Hidden headlights were operated by vacuum and raised/lowered into position, rather than being rotated electrically as they had been with the 1963-1967 models.
A light monitoring system was standard and utilized fiber optics to display functioning lamps on a central console display.
The 1968’s door opening mechanism, a spring-loaded finger plate and separate release button, was unique to the year.
Base Corvette Convertible (19467)
The base price of the 1968 Corvette Convertible without any optional equipment.
A 327 cubic inch, 300 horsepower engine, a 3-speed manual transmission, vinyl interior trim, and a convertible soft top was included in the base price.
The 1968 Corvette wheelbase remained the same as the 1967 Corvette, and much of the former car’s chassis carried over, but the interior and exteriors were extensively redesigned.
Hidden headlights were operated by vacuum and raised/lowered into position, rather than being rotated electrically as they had been with the 1963-1967 models.
A light monitoring system was standard and utilized fiber optics to display functioning lamps on a central console display.
The 1968’s door opening mechanism, a spring-loaded finger plate and separate release button, was unique to the year.
Genuine Leather Seats
Optional leather upgrade to replace the standard vinyl seats on the 1968 Corvette.
Soft Ray Tinted Glass, All Windows (A01)
Window tint applied to the upper portion of the windshield and all other windows.
Soft Ray Tinted Glass, Windshield (A02)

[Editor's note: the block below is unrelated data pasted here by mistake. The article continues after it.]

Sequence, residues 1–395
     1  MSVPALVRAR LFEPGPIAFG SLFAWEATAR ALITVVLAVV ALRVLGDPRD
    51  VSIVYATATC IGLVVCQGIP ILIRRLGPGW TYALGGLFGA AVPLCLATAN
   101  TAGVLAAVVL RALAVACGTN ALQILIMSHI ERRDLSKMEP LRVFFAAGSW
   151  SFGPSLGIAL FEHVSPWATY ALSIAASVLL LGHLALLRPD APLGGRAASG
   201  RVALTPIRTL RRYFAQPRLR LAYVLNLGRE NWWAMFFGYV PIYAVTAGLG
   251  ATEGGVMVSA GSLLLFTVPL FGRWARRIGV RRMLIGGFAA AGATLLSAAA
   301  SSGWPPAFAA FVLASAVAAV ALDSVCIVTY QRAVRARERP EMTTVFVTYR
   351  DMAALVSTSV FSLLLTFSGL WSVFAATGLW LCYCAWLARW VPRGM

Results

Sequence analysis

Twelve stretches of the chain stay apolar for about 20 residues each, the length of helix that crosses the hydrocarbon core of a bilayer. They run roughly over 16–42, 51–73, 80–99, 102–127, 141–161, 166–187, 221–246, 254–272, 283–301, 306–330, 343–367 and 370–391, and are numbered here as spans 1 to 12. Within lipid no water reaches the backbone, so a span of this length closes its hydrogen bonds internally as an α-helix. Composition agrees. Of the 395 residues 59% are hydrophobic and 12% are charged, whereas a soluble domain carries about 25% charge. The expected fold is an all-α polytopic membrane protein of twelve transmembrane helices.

Factory window tint applied to the windshield only.
Power Windows (A31)
Factory installed power driver and passenger windows.
A head restraint attached to the top of the seat for both safety and comfort.
Custom Shoulder Belts (std with coupe) (A85)
An addition to the standard lap safety belt that crosses over the shoulder for added safety.
The shoulder belts option were included with all Corvette coupes at no additional charge. The option was also available on the Corvette convertible, but at an additional cost.
Auxiliary Hardtop (for convertibles) (C07)
An optional hard-top that could be installed in lieu of the convertible top.
Vinyl Covering (for Auxiliary Hardtop) (C08)
This option provided an external vinyl liner application to the auxiliary hardtop.
The vinyl covering provided a faux convertible top appearance even when the hardtop was mounted on the car.
Rear Window Defroster (C50)
Deletion of the factory installed heater and defroster.
Air Conditioning (C60)
Factory installed air-conditioning.
Heater integrated, manually controlled by knobs on instrument control panel that operate bowden cables to activate various doors/ducts and switches to operate system.